In Today’s Deep Space Extra… Strides in space anticipated for 2019, though many involved are dealing with an early partial U.S. government shutdown and plans by SpaceX to reduce its commercial workforce. An International Space Station (ISS) cargo mission returned to Earth early Monday. NASA’s Mars InSight lander powers up its seismic sensor to study the Red Planet’s internal activities.
Human Space Exploration
Coalition Member in the News – Boeing
Washington Post (1/11): Here’s why: NASA is working with Boeing and SpaceX under the agency’s Commercial Crew Program to restart launches of astronauts from U.S. soil, the first since the space shuttle fleet was retired in 2011. Commercial suborbital passenger spaceflight may commence this year as well. At the same time, NASA is pressing toward a sustained human presence at the Moon with development of the Orion crew capsule and Space Launch System (SLS) as well as plans for a human tended, lunar orbiting Gateway.
Spaceflightnow.com (1/14): Launched December 5, SpaceX’s 16th NASA contracted re-supply mission to the International Space Station (ISS) returned to Earth early Monday, splashing down under parachute in the Pacific Ocean off the coast of southern California. Aboard were nearly two tons of science experiments and equipment loaded aboard by the Station’s crew for recovery and return to port in the Los Angeles area.
TASS of Russia (1/11): Dmitry Rogozin, head of Roscosmos, Russia’s space agency, has been formally notified by letter that an invitation from NASA Administrator Jim Bridenstine to visit the U.S. has been rescinded. Bridenstine told the Washington Post in an earlier interview an invitation extended to Rogozin in October in Russia to visit the U.S. in 2019 was being rescinded because of sanctions imposed in response to Russia’s annexation of Crimea and objections from some members of Congress to making an exception. Rogozin says the two leaders need to discuss future interactions between the two space agencies.
Space.com (1/11): The Mars InSight team reports the lander’s French Seismic Experiment for Interior Structure is functioning and providing data on the Martian surface. The NASA mission landed on November 26. An electronic power tether was deployed on January 6.
Cosmos Magazine (1/14): Astronomers from the University of Arizona using the Hubble space telescope have discovered the brightest quasar yet, a dense stellar object that formed within the first 1 billion years of the universe and shines 600 trillion times brighter than the sun. The distant object was exposed with the help of gravitational lensing.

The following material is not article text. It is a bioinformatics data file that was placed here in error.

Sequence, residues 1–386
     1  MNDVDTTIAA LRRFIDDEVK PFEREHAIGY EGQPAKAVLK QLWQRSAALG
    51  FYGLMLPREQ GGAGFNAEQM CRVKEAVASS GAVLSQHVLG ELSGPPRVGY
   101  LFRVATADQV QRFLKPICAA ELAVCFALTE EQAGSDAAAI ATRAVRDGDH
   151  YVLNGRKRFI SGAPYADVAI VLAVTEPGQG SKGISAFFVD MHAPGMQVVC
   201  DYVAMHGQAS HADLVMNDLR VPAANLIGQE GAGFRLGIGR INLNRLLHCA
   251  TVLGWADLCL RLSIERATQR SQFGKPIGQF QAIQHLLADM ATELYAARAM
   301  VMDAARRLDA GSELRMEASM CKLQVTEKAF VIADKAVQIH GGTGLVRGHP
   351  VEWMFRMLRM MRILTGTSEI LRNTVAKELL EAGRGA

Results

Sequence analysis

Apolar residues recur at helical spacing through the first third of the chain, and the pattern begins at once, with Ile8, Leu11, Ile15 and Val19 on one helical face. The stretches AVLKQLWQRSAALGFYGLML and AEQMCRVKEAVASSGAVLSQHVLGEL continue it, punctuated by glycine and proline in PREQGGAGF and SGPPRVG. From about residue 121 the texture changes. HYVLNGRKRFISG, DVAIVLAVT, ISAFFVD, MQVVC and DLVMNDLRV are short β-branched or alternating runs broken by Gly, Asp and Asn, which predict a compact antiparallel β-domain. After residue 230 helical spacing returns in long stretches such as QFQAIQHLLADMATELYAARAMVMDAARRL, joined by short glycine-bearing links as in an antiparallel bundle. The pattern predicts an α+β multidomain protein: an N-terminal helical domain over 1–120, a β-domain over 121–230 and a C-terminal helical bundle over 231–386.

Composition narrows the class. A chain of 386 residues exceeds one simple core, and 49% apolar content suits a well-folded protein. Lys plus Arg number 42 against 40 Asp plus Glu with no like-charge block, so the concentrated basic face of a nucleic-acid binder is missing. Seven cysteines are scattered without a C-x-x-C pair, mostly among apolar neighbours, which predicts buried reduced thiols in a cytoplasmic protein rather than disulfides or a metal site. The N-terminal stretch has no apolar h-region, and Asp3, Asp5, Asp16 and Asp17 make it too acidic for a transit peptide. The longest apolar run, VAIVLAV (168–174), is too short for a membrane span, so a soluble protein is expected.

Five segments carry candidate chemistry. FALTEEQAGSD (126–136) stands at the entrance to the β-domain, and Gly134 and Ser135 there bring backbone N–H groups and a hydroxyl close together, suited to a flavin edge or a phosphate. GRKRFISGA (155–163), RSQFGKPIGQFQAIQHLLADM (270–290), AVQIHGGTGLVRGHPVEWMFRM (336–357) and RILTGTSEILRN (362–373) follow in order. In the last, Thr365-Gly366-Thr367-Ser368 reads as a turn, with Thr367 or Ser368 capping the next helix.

Space.com (1/12): Understanding the complex processes by which planets form may be crucial to identifying which planets across the universe are best suited to host some form of life. Scientists discussed the challenge at the American Astronomical Society (AAS) conference held last week in Seattle.
TASS of Russia (1/13): Russia’s space radio telescope, Spektr-R, has stopped responding to ground commands, a setback controllers are trying to overcome. The observatory was launched in 2011.
SpaceNews.com (1/11): Hawthorne, California, based SpaceX announced January 11 the company is laying off 10 percent of its workforce, or about 600 workers, to provide capital for future rocket and satellite development efforts.
KTRK-TV (1/11) From the U.S. Coast Guard to NASA, the partial U.S. government shutdown underway since December 22 is taking its toll on furloughed workers and those working without pay.
Space.com (1/11): Sunday, January 20, brings a total lunar eclipse that can be viewed across the continental U.S. where cloud conditions permit. The Earth’s shadow begins to fall across the Moon at 9:36 p.m., EST, with the Moon emerging on Monday at 2:48 a.m., EST. Totality begins at 11:41 p.m., EST, and ends on Monday at 12:43 a.m., EST.
Lompoc Record of California (1/11): Vandenberg Air Force Base’s first hosted launch of 2019 was a SpaceX Falcon 9 with 10 Iridium satellites, completing the company’s latest communications network.
Major Space Related Activities for the Week
Spacepolicyonline.com (1/13): The partial U.S. government shutdown, which commenced December 22, continues into its 4th week with little sign of a conclusion. NASA workers are among those furloughed unless involved in essential activities, such as watching over the International Space Station (ISS). The U.S. House and Senate are scheduled to be in session this week.
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